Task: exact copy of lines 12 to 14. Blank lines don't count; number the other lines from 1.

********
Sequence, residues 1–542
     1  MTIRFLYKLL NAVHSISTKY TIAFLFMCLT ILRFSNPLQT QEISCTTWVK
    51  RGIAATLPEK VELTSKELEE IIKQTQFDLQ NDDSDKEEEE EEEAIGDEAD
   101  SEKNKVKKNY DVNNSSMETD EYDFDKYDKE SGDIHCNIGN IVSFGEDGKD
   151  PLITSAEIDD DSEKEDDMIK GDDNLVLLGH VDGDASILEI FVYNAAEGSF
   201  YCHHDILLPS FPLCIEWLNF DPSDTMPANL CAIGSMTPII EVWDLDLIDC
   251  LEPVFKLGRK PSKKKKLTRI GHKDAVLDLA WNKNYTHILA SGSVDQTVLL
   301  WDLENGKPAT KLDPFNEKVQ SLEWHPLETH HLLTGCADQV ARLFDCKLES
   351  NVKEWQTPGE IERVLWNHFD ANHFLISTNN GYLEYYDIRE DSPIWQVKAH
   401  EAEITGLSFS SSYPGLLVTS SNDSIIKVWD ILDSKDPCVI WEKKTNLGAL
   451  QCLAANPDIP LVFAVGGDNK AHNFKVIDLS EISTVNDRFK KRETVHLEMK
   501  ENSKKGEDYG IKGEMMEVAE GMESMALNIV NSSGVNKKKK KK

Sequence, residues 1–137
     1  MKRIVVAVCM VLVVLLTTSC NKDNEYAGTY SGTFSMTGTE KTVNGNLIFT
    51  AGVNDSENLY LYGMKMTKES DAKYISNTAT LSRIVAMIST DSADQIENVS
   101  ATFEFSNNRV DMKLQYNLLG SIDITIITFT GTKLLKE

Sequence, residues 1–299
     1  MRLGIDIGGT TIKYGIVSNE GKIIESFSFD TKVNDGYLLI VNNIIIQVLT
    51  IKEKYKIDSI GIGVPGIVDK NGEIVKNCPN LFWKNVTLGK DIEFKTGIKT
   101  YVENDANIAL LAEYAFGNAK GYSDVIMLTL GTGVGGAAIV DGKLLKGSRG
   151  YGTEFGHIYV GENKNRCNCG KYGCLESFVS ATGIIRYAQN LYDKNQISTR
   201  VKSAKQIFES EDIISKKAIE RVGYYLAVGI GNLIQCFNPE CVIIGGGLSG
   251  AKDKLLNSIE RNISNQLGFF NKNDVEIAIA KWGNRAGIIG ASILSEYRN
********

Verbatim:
   501  ENSKKGEDYG IKGEMMEVAE GMESMALNIV NSSGVNKKKK KK

Sequence, residues 1–137
     1  MKRIVVAVCM VLVVLLTTSC NKDNEYAGTY SGTFSMTGTE KTVNGNLIFT